The gardener must at times give plants protection against too intense light and against excessively high temperatures.
Damage from intense light is most likely to occur when naturally shade loving plants are exposed to direct, strong sunshine; when sun loving plants, comparatively soft and tender from being grown in a greenhouse or cold frame, are transferred outdoors; and after plants are transplanted. The trunks of trees that have been growing closely together in woodland or nursery may be damaged by sunscald on their south facing sides following their transference to sunnier locations; by heavy pruning, branches previously shaded by foliage may be exposed to sunshine sufficiently strong to sunscald them. Damage by sun occurs not only in summer; in winter, when the ground is frozen, evergreens, especially, are likely to suffer from this.
The provision of shade is the obvious method of avoiding damage by light that is too intense. Shade needing plants should be grown in naturally shaded areas, such as woodland, under solitary trees or groups of trees, and areas shaded by high walls or buildings or in locations artificially shaded by lath houses, lath or burlap screens or other appropriate means.
The trunks of trees may, with advantage, be wrapped in burlap or in special tree wrapping
paper for a season or two following transplanting. When annuals, vegetables, young biennials and perennials are set out in hot sunny weather they should be shaded for a few days following the transplanting operation.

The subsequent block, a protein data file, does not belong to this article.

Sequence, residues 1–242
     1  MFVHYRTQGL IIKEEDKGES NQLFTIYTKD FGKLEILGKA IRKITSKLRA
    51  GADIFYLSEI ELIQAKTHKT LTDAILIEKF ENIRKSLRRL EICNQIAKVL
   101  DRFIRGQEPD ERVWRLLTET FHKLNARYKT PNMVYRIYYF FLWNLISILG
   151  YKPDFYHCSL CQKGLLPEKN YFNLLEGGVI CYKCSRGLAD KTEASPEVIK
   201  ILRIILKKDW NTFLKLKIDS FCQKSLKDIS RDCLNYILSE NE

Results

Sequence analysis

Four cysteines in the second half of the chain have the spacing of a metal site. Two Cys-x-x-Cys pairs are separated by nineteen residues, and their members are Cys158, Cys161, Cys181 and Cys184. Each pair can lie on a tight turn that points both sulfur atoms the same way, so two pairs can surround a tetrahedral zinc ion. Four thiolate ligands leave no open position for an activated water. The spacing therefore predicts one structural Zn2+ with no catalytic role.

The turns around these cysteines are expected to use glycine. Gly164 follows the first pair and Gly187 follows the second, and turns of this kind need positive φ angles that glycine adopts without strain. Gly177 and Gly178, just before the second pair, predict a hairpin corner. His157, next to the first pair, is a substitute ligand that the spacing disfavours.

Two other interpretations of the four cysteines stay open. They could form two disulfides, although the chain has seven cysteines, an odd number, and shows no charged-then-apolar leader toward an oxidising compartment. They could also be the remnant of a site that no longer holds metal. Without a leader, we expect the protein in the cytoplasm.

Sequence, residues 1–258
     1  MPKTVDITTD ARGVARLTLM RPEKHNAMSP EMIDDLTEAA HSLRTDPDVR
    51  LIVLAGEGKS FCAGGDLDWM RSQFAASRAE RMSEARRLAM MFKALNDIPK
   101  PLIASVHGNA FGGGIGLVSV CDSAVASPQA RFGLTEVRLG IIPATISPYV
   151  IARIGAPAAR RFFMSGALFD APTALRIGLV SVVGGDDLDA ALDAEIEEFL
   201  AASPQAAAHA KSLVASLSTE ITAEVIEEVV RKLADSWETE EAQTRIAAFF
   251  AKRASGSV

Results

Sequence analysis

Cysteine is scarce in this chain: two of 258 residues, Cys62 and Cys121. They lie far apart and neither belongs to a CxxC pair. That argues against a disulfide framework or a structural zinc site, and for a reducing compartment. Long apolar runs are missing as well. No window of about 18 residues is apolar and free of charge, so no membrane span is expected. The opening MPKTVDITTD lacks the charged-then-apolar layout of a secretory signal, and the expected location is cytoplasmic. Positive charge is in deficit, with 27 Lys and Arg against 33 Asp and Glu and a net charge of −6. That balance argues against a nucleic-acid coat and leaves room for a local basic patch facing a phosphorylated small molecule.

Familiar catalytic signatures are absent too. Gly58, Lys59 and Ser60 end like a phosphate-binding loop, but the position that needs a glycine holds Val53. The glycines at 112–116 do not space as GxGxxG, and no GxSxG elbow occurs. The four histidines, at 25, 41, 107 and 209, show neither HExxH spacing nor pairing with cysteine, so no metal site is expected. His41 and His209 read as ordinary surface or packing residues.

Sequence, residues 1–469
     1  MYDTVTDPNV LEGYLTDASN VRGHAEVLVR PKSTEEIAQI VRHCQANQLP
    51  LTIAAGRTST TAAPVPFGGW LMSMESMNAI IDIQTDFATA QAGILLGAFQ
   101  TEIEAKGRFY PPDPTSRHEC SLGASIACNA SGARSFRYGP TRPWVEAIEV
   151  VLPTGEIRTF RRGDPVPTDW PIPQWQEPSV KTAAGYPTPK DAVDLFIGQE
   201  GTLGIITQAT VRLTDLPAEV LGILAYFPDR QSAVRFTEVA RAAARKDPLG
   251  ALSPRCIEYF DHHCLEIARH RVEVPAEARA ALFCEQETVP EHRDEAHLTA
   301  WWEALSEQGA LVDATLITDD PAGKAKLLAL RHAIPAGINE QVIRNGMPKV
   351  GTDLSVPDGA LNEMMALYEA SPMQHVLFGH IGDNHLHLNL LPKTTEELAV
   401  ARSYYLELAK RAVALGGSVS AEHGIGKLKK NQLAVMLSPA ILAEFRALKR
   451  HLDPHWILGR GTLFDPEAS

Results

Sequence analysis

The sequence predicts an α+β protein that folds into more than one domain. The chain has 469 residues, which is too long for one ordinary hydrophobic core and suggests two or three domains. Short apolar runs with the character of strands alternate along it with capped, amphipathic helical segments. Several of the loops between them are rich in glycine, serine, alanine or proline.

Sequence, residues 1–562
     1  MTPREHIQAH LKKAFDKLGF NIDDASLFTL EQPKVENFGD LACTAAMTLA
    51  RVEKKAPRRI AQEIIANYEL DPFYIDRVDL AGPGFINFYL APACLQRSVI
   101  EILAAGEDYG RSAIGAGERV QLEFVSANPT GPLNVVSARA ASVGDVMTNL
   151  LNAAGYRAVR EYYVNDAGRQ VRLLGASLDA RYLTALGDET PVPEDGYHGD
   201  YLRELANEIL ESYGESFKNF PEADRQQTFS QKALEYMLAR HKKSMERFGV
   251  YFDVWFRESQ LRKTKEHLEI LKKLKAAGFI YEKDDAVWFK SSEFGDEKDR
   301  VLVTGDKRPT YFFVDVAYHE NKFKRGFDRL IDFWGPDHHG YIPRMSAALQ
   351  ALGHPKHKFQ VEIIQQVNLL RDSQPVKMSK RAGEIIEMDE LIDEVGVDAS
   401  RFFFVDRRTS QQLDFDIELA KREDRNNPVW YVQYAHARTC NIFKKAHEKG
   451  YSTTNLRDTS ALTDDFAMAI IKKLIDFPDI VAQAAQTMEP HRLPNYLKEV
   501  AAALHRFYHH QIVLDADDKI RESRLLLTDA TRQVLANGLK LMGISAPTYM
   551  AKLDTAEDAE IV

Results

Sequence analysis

Not a great deal can be done to lower summer temperatures; but in every garden some locations are noticeably warmer than others. At the base of a south facing wall, for example, the temperature is very noticeably higher than at the base of a north facing wall; it is likely to be cooler near a pool or other body of water than elsewhere; parts of the garden that receive reflected heat from walls and pavements are warmer than those where plants grow alone in more open areas; in enclosed, “pocketed” spaces temperatures are higher than in more open locations through which breezes blow; and in the shade it is always much cooler than in the sun.
In selecting locations for plants known to prefer cool summer conditions, all these factors should be borne in mind. It should also be remembered that moisture has a cooling effect, and so plants should not be permitted to suffer from lack of water during dry weather.
As a temporary measure, shading may be used to offset some of the ill effects of temperatures that are too high. Spraying the foliage lightly with water lowers its temperature somewhat and has a refreshing effect on plants.
Many plants Clematis and Lilies, for example can withstand high atmospheric temperatures, provided the soil is kept reasonably cool and moist. In really hot weather an even temperature at the roots and a steady supply of water go far to ensure success with a great many kinds of plants, especially those that are surface rooters such as Azaleas, Blueberries and Rhododendrons. Summer mulching is an excellent garden practice designed to conserve moisture and keep the soil temperature moderate and even.